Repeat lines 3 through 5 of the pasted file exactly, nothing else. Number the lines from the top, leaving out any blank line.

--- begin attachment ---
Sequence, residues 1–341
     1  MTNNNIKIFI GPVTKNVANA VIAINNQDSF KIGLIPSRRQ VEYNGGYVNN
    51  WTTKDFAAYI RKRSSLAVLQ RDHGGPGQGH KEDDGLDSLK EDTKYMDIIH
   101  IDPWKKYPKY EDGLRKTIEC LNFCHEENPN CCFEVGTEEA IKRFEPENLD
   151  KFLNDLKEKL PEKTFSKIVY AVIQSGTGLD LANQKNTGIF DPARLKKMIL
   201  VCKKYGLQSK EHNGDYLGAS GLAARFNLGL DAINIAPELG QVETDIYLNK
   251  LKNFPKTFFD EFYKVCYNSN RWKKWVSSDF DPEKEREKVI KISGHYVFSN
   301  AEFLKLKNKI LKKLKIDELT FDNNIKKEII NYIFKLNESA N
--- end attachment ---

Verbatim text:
    51  WTTKDFAAYI RKRSSLAVLQ RDHGGPGQGH KEDDGLDSLK EDTKYMDIIH
   101  IDPWKKYPKY EDGLRKTIEC LNFCHEENPN CCFEVGTEEA IKRFEPENLD
   151  KFLNDLKEKL PEKTFSKIVY AVIQSGTGLD LANQKNTGIF DPARLKKMIL